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My Top Ten Songs of 2015 + ExplanationMartin_Canine NOTE: This list was made retrospectively in 2018. I had a lot of time to select my ten favorite tracks of the year, and I carefully thought about their ranking. Nevertheless, I don’t know every single song released in 2015, and there maybe are a few that would make my list, but are obscure to me right now. Nevertheless, have fun with the list, and tell me what you think about it, and what your picks of the year were.
10. Macklemore & Ryan Lewis feat. Eric Nally, Melle Mel, Kool Moe Dee & Grandmaster Caz - Downtown
Album: This Unruly Mess I’ve Made (2016)
Genre: American hip hop, broadway style pop
Regarding “The Heist” as one of the three or so best American hip hop albums of the decade, the first single of the follow up was highly anticipated by me. To be fair, it would turn out to be the record’s greatest song (with “White Privilege II” at number two, but for entirely different reasons), but wow - have you ever listened to this song when in the city? It just gets you hooked on the feeling and pace of the place - all the different roots are captured on the sound: huge broadway style production with a chorus, raspy rock vocals, a soft hipster-ish singer-songwriter pre-hook, a group of rappers with an old school flow, Macklemore’s modern day rapping, jazz samples, and more. Musically, there is just so much to explore.
9. Miley Cyrus - Dooo It!
Album: Miley Cyrus and Her Dead Petz
Genre: art pop
Instead of releasing a bunch of hit singles supporting a catchy, neat follow up album to her 2013 worldwide blockbuster “Bangerz”, Miley Cyrus recorded an experimental 90 minute mixtape in cooperation with The Flaming Lips that she released for free, without further promotion (it was not until 2 years later that the project was made available for purchase - unfortunately not on CD like her other records). The drugs are strong on the distorted, spacey, chopped up soundscapes that form “Dooo It!”, they even make it an entirely surreal experience far away from her previous records’ pop roots, but still maintaining a massive earworm appeal.
8. SpongeBozz - A.C.A.B.
Album: Planktonweed Tape
Genre: German hip hop, hardcore hip hop
When his debut album “Planktonweed Tape” topped the German charts, SpongeBozz began to polarize the entire scene. A ridiculously violent, gangsta-fied version of a popular cartoon character, but of a multisyllabic rhyming quality and skilled machine gun flow that only a handful of other artists have on a worldwide scale. Two years later, he would become more personal and introspective, credible artist, but back on here, he was all about the fun of it. And with an orchestral beat, not one but two earworm chorusses and a doubletime verse that’s audibly faster than Eminem’s “Rap God” two years earlier, “A.C.A.B.”, which is basically little more than a song about attacking cops without motivation, is about as much as it gets.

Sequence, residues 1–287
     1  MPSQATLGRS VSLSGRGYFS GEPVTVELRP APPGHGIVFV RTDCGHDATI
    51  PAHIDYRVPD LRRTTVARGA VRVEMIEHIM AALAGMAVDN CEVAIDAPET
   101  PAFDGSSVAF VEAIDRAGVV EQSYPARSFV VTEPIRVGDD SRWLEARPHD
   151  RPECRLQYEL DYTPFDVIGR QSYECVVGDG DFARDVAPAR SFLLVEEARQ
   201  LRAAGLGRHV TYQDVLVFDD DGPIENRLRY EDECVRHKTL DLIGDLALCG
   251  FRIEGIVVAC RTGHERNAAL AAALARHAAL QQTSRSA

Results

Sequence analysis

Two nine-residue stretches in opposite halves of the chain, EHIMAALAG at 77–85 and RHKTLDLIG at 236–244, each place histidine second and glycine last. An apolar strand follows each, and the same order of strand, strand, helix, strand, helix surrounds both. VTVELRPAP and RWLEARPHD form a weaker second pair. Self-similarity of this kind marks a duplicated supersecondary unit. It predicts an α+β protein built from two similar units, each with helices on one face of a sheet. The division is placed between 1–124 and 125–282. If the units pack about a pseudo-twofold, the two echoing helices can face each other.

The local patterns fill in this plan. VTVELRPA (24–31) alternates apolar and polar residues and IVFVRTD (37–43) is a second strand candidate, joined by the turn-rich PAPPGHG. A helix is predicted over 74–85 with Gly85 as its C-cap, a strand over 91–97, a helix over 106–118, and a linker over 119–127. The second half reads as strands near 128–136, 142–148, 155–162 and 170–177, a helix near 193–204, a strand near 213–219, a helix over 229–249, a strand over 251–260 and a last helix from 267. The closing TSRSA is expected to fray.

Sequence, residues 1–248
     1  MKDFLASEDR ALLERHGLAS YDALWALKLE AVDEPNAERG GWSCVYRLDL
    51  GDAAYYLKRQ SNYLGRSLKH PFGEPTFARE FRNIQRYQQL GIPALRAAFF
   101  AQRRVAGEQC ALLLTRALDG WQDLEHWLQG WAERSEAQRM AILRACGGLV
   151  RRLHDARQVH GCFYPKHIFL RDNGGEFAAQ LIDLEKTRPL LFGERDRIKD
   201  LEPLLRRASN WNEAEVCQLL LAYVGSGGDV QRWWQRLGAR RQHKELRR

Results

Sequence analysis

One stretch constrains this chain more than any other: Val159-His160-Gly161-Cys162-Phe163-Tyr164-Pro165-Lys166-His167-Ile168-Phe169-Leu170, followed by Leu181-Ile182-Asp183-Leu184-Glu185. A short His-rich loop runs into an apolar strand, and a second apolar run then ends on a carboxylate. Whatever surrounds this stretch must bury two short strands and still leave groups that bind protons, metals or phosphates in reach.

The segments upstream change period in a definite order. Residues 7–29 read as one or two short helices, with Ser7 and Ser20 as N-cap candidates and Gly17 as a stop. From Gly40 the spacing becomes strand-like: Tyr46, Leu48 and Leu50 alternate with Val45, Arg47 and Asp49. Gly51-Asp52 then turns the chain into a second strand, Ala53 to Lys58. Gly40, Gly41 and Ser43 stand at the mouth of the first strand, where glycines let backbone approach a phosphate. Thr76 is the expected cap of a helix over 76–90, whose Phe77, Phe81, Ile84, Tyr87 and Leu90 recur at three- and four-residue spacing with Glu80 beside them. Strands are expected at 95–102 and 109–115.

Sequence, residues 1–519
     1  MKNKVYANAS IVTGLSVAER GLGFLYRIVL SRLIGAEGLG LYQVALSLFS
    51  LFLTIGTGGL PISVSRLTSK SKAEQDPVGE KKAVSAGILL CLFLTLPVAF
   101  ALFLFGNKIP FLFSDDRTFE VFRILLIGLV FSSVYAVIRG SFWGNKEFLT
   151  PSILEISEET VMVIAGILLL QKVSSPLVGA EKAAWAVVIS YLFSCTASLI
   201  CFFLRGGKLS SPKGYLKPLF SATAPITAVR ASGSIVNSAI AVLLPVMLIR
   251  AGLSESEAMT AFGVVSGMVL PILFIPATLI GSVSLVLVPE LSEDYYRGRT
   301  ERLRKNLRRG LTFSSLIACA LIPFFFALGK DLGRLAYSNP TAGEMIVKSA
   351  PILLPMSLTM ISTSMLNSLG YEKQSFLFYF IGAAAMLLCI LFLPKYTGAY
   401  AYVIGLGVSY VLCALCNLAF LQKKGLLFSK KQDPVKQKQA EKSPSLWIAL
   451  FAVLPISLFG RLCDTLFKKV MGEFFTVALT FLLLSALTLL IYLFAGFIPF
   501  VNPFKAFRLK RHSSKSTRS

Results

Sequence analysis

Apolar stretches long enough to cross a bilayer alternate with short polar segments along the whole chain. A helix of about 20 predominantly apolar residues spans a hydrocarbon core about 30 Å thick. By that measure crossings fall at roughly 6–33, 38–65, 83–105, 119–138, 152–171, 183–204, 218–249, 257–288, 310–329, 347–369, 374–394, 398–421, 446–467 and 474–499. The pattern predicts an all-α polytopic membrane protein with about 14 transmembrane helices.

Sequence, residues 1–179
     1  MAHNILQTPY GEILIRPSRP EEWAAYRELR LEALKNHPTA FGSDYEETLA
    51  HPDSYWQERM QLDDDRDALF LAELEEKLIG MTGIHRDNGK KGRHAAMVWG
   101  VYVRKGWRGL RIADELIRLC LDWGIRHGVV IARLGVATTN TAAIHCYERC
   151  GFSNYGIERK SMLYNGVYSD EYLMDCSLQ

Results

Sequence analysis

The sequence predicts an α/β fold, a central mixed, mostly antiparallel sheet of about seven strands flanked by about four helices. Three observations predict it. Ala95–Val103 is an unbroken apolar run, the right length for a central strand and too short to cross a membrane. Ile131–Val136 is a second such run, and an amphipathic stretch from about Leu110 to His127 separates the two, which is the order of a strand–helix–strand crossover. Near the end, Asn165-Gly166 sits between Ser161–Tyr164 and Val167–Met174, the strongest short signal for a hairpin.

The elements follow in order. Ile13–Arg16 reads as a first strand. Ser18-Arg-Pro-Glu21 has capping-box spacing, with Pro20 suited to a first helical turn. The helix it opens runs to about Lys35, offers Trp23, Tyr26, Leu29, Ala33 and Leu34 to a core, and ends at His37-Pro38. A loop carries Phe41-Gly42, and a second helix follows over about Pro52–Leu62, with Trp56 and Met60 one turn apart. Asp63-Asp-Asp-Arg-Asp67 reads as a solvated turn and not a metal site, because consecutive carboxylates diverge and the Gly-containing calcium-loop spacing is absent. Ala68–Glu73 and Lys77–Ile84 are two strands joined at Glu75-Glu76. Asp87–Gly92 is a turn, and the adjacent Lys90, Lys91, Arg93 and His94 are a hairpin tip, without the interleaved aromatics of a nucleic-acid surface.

7. Jack Ü with Justin Bieber - Where Are Ü Now?
Album: Jack Ü (Jack Ü) / Purpose (Justin Bieber)
Genre: art pop
Okay, if it wasn’t already clear at this point: Justin Bieber is a legit singer-songwriter in the meantime, and songs like this show just how much he matured since his “Baby” days. Sung with a credible melancholy and written with empathy for the feeling of heartbreak, “Where Are Ü Now?” (NOTE: an Ü is not the same as an U) would have been a great pop ballad on its own, as it was initially intended to be before Skrillex and Diplo got their hands on the demo. The outcome was incredible: keeping the song’s sentimental mood, yet adding oriental flutes as drops and a thunderous hi-hat storm as a beat. It’s electrifying, and it is unlike anything heard before or after, not even songs by any artist involved.
6. Kollegah - Blutdiamanten
Album: Zuhältertape, Vol. 4
Genre: German hip hop, hardcore hip hop
Kollegah perfectly sums up his appeal in a line translating to something like this: “I don’t reinvent the wheel, but add a few platinum rims to it”. There were gangsta rappers before him, also pimp rappers, but no one ever did it at his level of quality. The beat sounds like Hans Zimmer decided to produce a hip hop song, and Kollegah finds homonyms and double meanings where little others would see them: out of the fact that “Rolle” means both “character”/”persona” and “roll”, he compares a rapper who drops out of his stage persona to a mentons scotch mints unwrapped of their roll. Not to mention that no other rapper would compare shredding money to an orgy of Ninja Turtles characters (due to the double meaning of “Kröten”, meaning “turtles”/”toads” and being a slang term for cash, and the name “Shredder”). Oh, and don’t forget that “Ausschlag” means both “exanthem” and the deflection of a compass. Oh, and… well, you get the idea.